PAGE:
The Talmud says "We do not see things as they are. We see them as we are." Someone once told me there are only two ways to live your life. One is as though nothing is a miracle. The other is as though everything is a miracle.
You may have serious doubts about alleged miracles as you slog home from work later today. Rain annoys commuters but look at the bright side: Minnesota is now drought-free. And this early October soaking is recharging soil moisture after a late summer dry spell, setting the stage for more agricultural miracles in 2015. And it's not snowing.
If anyone asks, last year the first flurries came October 19; the first inch of slush November 5-6. Pretty close to average, yet winter was anything but average. Let's take it one day at a time.
A second surge of rain clips the metro later today and tonight; more windblown showers tomorrow as a taste of early November arrives. Daytime highs hold near 50F tomorrow into Monday, before 60s return the middle of next week. Flurries are possible up north by tomorrow night; a metro frost can't be ruled out Sunday morning.
In defense of this wet, gloomy spell gray, soggy days are good for business.
Fewer distractions. Less time staring out the window.
Photo credit above: " " Photograph: Global Warming Images/WWF-Canon.
59 F. high in St. Cloud Wednesday.
64 F. average high on October 1.
73 F. high on October 1, 2013.
.01" rain fell at St. Cloud yesterday as of 7 PM.
.69" rain fell at MSP International Airport yesterday.
October 1, 1953: A record high of 90 degrees Fahrenheit for the St. Cloud area was recorded in 1953 (and later tied in 1992). Minneapolis also set a record that same day in 1953 with a high of 89 degrees.
October 1, 1849: Persistent rain at Ft. Snelling leaves 4 inches in a day-and-a half.
TODAY: Clouds increase, more showers later in the day. Winds: NW 5-10. High: 61
THURSDAY NIGHT: A few showers possible. Low: 40
FRIDAY: Colder wind, passing PM showers. Heavy jackets/blankets for evening football games. A few flurries may mix in by Friday night. High: 47
SATURDAY: Fine November day. Mostly cloudy and brisk. Wake-up: 33. High: 47
SUNDAY: Metro frost possible. Dry, chilly Twin Cities Marathon with intervals of sun. Wake-up: 30. High: 48
MONDAY: Mostly gray, still raw for early October. Wake-up: 34. High: 47
TUESDAY: Intervals of sun, a bit better. Wake-up: 36. High: 52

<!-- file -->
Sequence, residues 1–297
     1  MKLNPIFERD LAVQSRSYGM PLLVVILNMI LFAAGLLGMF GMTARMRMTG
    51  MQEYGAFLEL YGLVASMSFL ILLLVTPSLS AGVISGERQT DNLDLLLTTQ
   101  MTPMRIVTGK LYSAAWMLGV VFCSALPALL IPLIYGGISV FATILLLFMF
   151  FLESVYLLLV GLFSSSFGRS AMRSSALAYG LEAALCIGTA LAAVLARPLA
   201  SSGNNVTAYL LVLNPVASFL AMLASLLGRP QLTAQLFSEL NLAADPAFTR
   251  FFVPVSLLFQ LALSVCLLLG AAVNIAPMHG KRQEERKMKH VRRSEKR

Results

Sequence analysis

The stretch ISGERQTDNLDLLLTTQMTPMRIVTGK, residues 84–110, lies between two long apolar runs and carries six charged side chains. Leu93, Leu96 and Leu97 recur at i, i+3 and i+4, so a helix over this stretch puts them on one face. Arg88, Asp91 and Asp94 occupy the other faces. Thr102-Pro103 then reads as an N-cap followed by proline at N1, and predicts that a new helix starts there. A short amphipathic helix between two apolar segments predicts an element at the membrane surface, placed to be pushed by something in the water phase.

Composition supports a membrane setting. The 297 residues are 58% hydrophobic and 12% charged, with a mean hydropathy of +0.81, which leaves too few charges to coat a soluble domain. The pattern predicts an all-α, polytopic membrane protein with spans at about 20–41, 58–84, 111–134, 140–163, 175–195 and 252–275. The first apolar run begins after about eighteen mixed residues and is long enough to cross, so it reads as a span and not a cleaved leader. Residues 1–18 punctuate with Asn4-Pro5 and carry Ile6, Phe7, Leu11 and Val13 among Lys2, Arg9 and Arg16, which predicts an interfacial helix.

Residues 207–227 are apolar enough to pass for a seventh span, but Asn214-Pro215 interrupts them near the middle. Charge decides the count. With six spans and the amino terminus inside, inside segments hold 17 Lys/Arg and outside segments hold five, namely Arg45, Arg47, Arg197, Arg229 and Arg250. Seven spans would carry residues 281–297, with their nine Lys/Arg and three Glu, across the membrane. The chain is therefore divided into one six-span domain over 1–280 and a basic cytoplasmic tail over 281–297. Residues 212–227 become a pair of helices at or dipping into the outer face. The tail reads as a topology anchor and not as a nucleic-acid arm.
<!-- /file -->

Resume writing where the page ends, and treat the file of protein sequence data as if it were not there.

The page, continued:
WEDNESDAY: Milder, few PM showers up north. Wake-up: 43. High: 62
Image credit above: AP Photo/NOAA, Corey Accardo.
Image credit above: "Arctic sea ice hit its annual minimum on Sept. 17, 2014. The red line in this image shows the 1981-2010 average minimum extent. Data provided by the Japan Aerospace Exploration Agency GCOM-W1 satellite." Image: NASA/Goddard Scientific Visualization Studio.
How Global Warming Affected Extreme Weather Events in 2013 - Interactive. Following up on yesterday's posts here's an effective interactive infographic from The Guardian: "From Australia’s off-the-charts heat wave to Colorado’s biblical deluge, Europe’s scorching summer, and Britain’s miserable spring, nine events were caused at least in part by climate change, scientists conclude in a report in the Bulletin of the American Meteorological Society on Monday. Overseen by the US Noaa and the UK Met Office, 92 scientists from 14 countries looked at how climate change affected 16 of the biggest weather events of 2013."
Growing, And Growing Vulnerable. Barrier islands are at special risk from warming/rising seas. Here's a clip from a story at The New York Times: "...But the barrier islands that line the Atlantic and Gulf Coasts, from Cape Cod to the Mexican border, are a special case. A new report from the National Research Council finds that the effect of climate change is especially harsh on these islands. Population growth in much of this long coast “is nearly twice the national average,” the report said. Meanwhile, “these same coasts are subject to impact by some of the most powerful storms on earth and the destruction potential of these events is increasing due to climate change and relative sea-level rise...”
Photo credit above: " Credit National Park Service."